The Nisqually tribe leads a restoration to fill the Nisqually River once again with wild salmon.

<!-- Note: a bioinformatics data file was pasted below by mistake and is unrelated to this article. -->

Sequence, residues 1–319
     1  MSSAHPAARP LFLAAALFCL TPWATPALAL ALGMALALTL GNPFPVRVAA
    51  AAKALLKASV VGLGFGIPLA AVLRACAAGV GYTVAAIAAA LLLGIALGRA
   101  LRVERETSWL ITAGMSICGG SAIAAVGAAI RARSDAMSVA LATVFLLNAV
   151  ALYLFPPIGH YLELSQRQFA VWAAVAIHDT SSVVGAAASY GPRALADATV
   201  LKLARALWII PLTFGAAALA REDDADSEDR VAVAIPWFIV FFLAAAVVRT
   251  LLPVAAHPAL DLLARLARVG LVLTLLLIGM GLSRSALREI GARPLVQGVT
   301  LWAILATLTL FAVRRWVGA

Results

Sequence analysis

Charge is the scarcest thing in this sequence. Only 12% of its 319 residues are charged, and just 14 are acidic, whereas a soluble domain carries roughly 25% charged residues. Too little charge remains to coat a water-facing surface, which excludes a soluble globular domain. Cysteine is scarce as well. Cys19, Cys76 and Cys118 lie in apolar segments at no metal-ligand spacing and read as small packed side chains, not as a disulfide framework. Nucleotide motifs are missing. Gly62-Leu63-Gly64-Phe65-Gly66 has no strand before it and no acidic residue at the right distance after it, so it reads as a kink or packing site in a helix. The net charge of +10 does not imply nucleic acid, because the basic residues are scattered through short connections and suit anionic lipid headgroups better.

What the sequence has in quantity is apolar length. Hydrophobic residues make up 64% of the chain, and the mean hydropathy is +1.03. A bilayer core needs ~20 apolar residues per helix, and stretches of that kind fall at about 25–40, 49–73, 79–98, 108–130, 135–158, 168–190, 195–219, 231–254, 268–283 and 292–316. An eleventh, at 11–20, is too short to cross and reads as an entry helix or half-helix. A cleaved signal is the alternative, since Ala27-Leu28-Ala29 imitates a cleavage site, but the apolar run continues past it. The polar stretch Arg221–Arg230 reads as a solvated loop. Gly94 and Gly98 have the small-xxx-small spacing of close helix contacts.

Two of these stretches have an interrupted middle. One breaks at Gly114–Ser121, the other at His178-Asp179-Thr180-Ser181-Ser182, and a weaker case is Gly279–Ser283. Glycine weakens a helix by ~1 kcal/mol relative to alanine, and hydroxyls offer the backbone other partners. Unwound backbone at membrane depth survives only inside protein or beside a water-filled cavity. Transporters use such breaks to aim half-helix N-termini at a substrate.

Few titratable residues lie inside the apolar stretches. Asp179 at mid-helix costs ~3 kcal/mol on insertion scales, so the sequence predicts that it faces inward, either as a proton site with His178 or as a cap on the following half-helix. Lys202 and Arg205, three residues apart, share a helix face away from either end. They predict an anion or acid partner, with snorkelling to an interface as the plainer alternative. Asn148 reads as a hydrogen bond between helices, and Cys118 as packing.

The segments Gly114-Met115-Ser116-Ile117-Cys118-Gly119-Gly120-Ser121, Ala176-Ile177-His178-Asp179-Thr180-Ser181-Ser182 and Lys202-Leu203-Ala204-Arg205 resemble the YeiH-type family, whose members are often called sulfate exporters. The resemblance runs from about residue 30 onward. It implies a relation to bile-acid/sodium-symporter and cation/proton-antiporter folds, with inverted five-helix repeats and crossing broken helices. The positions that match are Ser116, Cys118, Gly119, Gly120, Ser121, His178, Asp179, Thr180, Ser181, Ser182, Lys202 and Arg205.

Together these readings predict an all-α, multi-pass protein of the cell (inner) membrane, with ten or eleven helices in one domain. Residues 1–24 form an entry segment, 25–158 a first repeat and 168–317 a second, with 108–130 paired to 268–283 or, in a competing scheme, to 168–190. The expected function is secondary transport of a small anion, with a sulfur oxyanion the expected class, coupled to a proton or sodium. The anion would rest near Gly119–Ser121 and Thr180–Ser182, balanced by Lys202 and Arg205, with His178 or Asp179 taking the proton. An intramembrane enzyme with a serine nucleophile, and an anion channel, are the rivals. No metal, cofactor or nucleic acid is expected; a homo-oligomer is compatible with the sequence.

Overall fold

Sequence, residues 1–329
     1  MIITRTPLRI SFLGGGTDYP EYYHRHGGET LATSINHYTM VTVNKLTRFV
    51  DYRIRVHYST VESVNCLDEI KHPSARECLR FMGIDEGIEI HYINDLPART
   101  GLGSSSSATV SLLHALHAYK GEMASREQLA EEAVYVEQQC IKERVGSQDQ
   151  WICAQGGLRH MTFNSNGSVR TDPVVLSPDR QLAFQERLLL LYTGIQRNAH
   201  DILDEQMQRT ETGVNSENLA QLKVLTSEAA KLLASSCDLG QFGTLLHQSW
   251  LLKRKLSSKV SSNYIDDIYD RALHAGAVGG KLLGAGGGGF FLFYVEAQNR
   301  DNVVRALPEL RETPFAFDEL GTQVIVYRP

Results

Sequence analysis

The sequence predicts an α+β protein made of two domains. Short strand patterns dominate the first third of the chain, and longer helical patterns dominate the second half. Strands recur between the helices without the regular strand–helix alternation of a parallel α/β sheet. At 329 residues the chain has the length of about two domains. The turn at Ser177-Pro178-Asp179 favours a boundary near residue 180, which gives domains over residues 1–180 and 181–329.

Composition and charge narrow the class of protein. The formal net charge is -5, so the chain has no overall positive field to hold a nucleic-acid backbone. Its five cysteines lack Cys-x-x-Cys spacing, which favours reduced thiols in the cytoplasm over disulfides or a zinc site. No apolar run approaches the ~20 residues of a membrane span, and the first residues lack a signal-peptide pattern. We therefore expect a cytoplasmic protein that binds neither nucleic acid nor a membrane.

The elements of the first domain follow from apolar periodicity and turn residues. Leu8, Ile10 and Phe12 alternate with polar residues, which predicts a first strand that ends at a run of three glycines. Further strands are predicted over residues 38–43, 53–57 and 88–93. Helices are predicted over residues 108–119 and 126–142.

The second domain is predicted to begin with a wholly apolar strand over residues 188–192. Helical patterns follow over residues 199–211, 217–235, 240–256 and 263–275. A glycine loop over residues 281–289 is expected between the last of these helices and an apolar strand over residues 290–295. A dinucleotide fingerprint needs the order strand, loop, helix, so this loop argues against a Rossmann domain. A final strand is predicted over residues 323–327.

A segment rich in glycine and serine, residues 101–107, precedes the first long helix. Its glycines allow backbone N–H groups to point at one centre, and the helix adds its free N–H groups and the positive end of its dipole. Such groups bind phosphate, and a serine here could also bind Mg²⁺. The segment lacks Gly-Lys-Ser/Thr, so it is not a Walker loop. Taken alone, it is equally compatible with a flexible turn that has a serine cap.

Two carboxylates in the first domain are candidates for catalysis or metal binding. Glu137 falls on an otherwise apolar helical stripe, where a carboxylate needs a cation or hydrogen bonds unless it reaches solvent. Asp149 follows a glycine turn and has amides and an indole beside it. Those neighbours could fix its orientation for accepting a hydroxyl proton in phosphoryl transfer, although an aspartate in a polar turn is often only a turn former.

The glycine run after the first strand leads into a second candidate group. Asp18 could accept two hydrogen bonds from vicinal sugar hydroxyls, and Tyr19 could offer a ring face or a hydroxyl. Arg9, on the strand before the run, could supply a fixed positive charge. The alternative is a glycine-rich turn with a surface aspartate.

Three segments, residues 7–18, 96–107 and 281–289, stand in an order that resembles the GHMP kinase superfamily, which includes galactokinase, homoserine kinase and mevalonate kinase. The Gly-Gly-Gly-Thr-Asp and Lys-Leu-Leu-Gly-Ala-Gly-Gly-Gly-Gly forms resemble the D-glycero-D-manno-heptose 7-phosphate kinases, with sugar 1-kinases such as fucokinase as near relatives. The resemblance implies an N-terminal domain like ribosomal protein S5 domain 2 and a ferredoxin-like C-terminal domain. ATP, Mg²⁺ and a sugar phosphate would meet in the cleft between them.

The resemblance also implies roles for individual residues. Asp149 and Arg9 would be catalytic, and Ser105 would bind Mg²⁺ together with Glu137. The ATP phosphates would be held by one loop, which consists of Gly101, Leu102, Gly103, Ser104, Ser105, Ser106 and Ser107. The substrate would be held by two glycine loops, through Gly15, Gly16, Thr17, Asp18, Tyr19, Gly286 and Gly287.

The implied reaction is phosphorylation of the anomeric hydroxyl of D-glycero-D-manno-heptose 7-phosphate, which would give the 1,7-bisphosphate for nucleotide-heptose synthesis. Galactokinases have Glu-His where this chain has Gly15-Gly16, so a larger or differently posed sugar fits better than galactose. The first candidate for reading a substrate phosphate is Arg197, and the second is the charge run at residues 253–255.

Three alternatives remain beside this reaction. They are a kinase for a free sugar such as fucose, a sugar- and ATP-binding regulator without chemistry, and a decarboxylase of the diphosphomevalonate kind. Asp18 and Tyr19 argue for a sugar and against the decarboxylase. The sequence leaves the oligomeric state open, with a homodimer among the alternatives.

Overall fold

For millennia, the Nisqually Indians relied on Chinook salmon caught in the Nisqually River. Now the river's wild Chinook are extinct, and the tribe runs a hatchery to keep their fishery going. But an unusual coalition of tribal leaders, private partners and government agencies is working to restore the river from top to bottom, from its source in the glaciers of Mount Rainier to the estuary that empties into Puget Sound. Led by the Nisqually tribe, the restoration aims to fill the river once again with abundant, magnificent wild salmon. In the restoration, urban rain gardens filter runoff and augment river flow, new logjams deepen and cool its waters and farms returned to marshland provide new places for young salmon to shelter and grow.